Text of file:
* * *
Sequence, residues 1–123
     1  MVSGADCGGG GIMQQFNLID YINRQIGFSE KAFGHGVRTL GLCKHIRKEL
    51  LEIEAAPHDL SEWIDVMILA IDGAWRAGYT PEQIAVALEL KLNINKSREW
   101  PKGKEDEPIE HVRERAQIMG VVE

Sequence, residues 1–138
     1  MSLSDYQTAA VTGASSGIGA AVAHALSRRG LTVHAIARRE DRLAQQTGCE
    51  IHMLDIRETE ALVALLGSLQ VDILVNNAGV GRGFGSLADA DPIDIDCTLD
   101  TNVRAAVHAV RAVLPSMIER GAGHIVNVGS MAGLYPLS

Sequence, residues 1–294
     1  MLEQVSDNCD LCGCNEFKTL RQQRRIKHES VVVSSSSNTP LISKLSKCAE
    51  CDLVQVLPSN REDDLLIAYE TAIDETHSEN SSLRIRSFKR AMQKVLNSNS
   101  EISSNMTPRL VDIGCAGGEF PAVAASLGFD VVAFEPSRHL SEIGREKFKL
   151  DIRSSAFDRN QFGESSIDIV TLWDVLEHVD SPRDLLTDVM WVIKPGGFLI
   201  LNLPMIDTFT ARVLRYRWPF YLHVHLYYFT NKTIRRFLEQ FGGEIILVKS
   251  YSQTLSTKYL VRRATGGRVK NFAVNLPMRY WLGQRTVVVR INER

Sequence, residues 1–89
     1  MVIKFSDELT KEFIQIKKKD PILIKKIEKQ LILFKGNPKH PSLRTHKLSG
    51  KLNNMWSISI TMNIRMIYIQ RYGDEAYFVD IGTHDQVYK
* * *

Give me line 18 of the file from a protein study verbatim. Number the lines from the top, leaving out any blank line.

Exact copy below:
    51  KLNNMWSISI TMNIRMIYIQ RYGDEAYFVD IGTHDQVYK